Muscle relaxers like cyclobenzaprine and tizanidine work in a myriad of ways to help relax the muscles. As previously discussed, other sources of pain can lead to tension and pain in the muscles as well. Therefore, these medications can be helpful even if the muscles themselves are not the main problem. Their main side effect is sleepiness or drowsiness. For this reason most patients prefer to take these medications at night. This will not affect everyone the same and will even vary between the different medications.
(e.g. gabapentin, pregabalin) are useful in the treatment of nerve pain and/or numbness and tingling. They may have some benefit for other sources of pain as well. They work to calm the irritated nerves so that they do not send as many pain and irritated signals. Given that they work on all nerves in the body, their main side effects include sleepiness or drowsiness. They can lead to weight gain as well. These medications must have their doses slowly increased and should not be stopped abruptly.
Medications like duloxetine and nortriptyline are useful both in the treatment of nerve pain as well as arthritic joint pain. They work by changing the level of a chemical in your body that affects how pain signals are sent and how strong these signals are. They also have a tendency to cause sleepiness and/or drowsiness and should not be stopped abruptly at higher doses. Most healthcare professionals are familiar with the use of anti-seizure medications in the treatment of nerve pain and irritation. There is however, still some confusion even among physicians and pharmacists about the use of certain antidepressants in the treatment of pain. This can lead to patient confusion when these medications are seen on prescription lists or picked up from the pharmacy and conflicting information is given. The use of these medications does not mean that your provider believes the pain is all in your head. Quite the opposite, they represent one of the best medications we have in our arsenal!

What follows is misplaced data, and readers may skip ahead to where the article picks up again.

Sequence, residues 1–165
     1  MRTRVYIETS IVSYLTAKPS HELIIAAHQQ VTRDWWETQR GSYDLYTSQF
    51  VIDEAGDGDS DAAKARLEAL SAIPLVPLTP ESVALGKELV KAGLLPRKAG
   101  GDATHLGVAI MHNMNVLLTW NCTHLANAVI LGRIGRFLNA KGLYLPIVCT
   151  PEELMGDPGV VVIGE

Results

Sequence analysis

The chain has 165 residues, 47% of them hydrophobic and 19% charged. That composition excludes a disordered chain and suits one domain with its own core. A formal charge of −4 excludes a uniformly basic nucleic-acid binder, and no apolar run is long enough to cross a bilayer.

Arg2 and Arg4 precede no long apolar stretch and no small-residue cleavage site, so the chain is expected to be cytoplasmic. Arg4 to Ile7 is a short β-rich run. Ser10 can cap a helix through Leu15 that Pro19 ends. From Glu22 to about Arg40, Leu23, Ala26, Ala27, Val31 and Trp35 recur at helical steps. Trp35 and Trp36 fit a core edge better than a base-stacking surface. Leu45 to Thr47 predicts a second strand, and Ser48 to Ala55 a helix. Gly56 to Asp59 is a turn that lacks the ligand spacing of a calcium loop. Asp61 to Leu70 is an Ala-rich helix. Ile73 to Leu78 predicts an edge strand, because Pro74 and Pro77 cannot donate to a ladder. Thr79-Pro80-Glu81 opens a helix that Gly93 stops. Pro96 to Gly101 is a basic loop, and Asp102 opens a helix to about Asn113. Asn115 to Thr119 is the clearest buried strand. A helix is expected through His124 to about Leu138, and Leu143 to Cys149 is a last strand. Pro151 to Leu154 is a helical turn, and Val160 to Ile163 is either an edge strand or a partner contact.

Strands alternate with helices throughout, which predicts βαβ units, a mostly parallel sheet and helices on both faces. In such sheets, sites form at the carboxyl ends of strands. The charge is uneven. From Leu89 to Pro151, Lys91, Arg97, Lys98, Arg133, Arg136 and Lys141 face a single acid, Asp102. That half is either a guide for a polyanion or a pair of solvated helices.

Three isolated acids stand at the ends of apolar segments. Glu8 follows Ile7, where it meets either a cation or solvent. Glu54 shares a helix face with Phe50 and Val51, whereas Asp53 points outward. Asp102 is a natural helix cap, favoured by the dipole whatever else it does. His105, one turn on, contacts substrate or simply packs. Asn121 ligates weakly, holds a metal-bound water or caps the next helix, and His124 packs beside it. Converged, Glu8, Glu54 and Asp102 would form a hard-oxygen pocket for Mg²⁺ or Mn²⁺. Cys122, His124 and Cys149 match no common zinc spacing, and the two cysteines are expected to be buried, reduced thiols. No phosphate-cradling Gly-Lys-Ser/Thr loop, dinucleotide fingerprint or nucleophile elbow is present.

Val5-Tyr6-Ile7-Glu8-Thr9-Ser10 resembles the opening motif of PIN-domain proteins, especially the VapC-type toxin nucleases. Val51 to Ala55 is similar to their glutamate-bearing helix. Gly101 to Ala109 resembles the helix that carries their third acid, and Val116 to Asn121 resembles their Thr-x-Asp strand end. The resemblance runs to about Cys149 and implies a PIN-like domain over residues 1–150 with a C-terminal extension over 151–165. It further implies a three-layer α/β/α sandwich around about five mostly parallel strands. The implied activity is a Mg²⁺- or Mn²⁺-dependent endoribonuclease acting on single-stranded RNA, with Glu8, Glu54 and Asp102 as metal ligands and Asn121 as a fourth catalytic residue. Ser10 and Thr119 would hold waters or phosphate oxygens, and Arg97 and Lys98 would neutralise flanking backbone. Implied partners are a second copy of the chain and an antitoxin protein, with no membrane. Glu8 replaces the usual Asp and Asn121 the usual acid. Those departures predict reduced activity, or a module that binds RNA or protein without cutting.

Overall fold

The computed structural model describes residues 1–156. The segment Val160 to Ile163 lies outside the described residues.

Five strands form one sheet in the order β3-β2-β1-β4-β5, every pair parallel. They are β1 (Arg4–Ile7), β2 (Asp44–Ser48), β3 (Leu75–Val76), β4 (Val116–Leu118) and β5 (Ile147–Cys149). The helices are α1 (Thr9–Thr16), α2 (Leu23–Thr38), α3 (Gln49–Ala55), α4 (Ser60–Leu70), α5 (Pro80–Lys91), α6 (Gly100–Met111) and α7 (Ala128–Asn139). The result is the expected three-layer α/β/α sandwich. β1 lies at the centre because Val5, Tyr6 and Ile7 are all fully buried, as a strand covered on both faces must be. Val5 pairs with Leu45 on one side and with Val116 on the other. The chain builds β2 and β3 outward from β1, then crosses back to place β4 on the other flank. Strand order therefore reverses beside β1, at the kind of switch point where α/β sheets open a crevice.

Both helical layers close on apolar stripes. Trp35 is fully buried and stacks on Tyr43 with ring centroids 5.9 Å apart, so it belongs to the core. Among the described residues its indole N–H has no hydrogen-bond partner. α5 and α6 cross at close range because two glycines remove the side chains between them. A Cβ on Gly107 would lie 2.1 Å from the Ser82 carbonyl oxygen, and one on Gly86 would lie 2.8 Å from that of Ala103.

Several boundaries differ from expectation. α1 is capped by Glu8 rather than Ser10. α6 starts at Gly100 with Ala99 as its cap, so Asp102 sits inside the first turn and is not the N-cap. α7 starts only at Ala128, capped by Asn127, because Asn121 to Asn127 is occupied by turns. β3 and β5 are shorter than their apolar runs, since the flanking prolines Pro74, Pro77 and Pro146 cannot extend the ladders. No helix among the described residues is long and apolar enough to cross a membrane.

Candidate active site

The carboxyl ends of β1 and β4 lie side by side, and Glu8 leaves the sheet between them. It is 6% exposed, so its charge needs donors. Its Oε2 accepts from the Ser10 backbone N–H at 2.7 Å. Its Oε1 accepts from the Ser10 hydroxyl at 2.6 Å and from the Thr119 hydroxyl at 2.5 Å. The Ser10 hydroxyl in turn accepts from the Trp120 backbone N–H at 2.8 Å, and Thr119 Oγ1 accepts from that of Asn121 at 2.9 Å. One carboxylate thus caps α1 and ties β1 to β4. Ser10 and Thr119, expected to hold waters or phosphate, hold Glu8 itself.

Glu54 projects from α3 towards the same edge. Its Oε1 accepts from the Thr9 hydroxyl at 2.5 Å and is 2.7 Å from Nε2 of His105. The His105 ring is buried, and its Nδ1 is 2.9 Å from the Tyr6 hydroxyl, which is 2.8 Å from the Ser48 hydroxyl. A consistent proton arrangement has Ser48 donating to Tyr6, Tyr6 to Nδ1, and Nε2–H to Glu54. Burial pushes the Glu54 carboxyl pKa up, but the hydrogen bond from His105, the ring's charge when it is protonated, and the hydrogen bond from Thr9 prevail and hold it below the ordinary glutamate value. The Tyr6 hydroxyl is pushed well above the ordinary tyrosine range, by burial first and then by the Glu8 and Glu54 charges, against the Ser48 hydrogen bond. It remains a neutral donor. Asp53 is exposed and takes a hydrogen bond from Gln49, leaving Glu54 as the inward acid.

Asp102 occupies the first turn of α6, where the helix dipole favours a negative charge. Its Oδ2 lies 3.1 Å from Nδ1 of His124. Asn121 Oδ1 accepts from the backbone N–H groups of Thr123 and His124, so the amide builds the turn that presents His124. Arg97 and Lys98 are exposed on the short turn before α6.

Based on this brief overview of therapies and medications, I hope it becomes clear that there are many different options available in the treatment of pain that do not involve surgery, injections, or opioid medications. In no way is the above list exhaustive either for the medications themselves or their side effects but hopefully serves as a good reference. Speak to your healthcare provider if you feel that you are experiencing a worrisome side effect related to a medication. Another article will examine the third pillar of non-surgical treatments: injections.